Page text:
|Dad with one of his new friends - Tlompo|
|Dad's last morning in Lesotho|
Dear Friends and Family,
We both hope you are reading this post in health and happiness. We also hope that you enjoyed the last several - though a bit funny due to formatting – posts about our trip with my dad. It has been a month now since he has returned home and we returned to our normal lives as Peace Corps Volunteers – almost. As many of you know, we are soon completing our 27 months here in Lesotho. So, the last month has comprised both continuing our normal activities and also intensely looking forward in preparation for our Close of Service.
Shane has been doing a great job wrapping up his projects and shifting more and more responsibility from himself to his counterparts. At the same time, he has been heavily engrossed in the success of his women’s escape training program and the insistence by the “powers that be” here in Lesotho, that this program be upgraded from district scale, to national scale. Wow! His remaining massage student is almost ready to start offering a “clinic” so she can gain more practice, feedback and exposure – it has been fun to see her grow with these skills and she is soon ready to begin offering this service as a professional. Shane’s also been diligently studying for the MCAT and looking for jobs stateside in the town where I’ll be going back to school for my M.S. in Soil Science!
I’ve been continuing with my usual projects; reentering the business records for the bakery with my counterpart – after the whole computer got wiped out by a virus; nutrition corner is always fun, cooking with mothers and their babies and learning interesting new Sesotho vocabulary, like self-esteem: boitsepo. The April market day was a bit different, and highly successful. Dignitaries from Maseru, within the two organizations that have been partnering to implement the market on the district level, came to see the event and give speeches, and more heavily involve key local players as well. There is some talk that, not only is the Maseru market being revitalized, but that they want to start promoting a monthly market in all of the districts and give more support to Basotho micro-enterprises.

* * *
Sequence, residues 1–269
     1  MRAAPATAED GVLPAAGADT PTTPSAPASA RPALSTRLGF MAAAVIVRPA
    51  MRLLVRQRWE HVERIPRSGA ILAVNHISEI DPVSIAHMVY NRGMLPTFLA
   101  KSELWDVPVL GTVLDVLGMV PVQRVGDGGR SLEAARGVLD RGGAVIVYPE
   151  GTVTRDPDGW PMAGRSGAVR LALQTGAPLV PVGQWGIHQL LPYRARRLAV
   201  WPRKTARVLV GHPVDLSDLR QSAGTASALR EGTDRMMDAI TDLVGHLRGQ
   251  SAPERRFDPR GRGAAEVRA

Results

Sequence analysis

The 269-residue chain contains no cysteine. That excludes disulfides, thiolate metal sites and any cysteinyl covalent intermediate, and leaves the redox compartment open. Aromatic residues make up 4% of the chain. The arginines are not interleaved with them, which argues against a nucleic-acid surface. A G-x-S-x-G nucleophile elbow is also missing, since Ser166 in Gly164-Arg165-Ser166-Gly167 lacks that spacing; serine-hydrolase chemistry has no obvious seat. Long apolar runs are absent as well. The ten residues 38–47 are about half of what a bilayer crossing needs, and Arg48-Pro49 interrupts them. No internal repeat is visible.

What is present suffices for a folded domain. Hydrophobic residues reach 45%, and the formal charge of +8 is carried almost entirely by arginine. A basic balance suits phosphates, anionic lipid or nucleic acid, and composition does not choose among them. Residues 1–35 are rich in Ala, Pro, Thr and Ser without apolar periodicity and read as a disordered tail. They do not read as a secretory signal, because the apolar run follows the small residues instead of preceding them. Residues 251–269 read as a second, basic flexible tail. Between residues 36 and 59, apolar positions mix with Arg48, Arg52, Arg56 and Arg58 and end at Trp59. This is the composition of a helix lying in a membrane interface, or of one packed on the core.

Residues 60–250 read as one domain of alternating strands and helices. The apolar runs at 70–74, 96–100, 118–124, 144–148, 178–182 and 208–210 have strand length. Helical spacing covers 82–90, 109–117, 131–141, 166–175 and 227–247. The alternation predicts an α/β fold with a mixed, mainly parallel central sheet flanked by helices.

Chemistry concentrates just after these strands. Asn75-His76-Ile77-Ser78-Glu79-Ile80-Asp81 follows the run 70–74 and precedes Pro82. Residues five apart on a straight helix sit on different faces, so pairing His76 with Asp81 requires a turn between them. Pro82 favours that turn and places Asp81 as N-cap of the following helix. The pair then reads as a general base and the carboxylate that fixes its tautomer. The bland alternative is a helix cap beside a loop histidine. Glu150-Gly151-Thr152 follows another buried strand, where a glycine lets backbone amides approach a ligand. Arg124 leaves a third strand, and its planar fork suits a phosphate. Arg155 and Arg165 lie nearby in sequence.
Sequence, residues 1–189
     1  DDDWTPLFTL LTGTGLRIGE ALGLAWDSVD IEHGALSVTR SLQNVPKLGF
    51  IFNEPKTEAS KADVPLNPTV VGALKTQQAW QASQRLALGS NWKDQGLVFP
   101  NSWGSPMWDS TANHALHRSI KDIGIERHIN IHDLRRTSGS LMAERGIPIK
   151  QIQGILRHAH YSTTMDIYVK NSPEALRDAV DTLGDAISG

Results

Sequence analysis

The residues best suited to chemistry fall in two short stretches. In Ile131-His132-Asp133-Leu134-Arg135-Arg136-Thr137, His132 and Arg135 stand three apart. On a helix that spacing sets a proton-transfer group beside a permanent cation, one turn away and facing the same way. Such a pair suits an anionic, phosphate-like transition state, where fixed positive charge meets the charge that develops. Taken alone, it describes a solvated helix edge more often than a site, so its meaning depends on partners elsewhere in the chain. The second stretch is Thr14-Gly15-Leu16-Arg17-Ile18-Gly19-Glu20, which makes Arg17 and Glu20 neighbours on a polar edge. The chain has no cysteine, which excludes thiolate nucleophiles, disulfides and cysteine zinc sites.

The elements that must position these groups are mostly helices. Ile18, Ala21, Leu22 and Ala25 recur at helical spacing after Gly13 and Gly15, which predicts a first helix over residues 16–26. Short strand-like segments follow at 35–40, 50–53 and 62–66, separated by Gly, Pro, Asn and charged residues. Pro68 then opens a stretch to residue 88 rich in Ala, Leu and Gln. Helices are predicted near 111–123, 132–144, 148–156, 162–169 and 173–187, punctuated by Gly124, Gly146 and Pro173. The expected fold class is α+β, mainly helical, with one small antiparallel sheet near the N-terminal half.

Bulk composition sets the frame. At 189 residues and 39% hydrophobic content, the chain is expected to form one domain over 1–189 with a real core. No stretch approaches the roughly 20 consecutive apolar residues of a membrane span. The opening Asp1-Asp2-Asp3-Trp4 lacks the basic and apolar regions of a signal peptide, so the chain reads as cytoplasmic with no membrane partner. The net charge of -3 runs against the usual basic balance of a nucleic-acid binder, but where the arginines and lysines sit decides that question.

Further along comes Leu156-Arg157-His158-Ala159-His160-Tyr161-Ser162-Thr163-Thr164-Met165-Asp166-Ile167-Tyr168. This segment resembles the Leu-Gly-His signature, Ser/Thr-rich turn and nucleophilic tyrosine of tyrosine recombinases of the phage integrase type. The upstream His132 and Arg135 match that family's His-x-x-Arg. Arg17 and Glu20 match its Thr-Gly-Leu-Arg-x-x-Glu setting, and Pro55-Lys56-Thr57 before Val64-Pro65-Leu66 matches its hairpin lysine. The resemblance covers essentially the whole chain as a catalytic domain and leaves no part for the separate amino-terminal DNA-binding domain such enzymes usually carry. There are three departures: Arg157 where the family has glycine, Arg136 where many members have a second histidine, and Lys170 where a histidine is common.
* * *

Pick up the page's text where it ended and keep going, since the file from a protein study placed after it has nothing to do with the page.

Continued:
On the same day, we had the privilege of a visit from the other couple in our CHED ’11 group. We always love visitors, as this is usually our only source of non-Basotho socialization – and they are a great couple. The man, who actually was a Peace Corps Volunteer in the 70’s with his wife and family, is also an expert beekeeper. He was willing to support my beekeepers by spending a bit of time with them talking about how he does a hive inspection. This was also really fun for me, to learn, hands on about the inside of the hive, how to handle the bees and such, not just taking the honey! My endlessly dedicated, motivated and committed counterpart is now determined to visit them at their site and learn even more from him.
As the days become quite short, significantly colder and arugula is the only thing growing in our garden, yoga classes have become much less regular. My participant base has dwindled as well and I am left with one young woman, who was actually my friend prior to the yoga classes, and we have lately been doing yoga as “workout buddies” rather than as a class. It is really great though, her enthusiasm is amazing. She was there for my first “class” and has almost never missed a session since that day. Even now, she’s holding me accountable for doing yoga every Saturday, pushing me to incorporate more challenging and active poses into our sessions, she’s been googling yoga on her own and trying to learn as much about it as she can, and I’m happy that I have had the opportunity to give her a few yoga videos to try. This is a pretty simple story, but I think it is exemplary of what Peace Corps service is to many volunteers. As we wrap up our service, it seems fairly normal to reflect and ask ourselves if it was “worth it.” Peace Corps service is different for each person, and so is this process, even Shane and I, living in the same town, same house, same program, same country – have had extraordinarily different services. For me, the story of me and my friend doing yoga, is one of several examples as a PCV, where our friendship has grown, we’ve been pushing each other to lead healthier, stronger, more balanced, “better” lives, teaching each other and crossing the cultural boundaries. Is it saving the world? – maybe, a small bit at a time. I have a dream that maybe in a few years we can come up with a way to get yoga teacher certified together and she would likely be the first Mosotho to be a yoga teacher, in any case, both our lives are better off because of being friends and “yoga buddies.”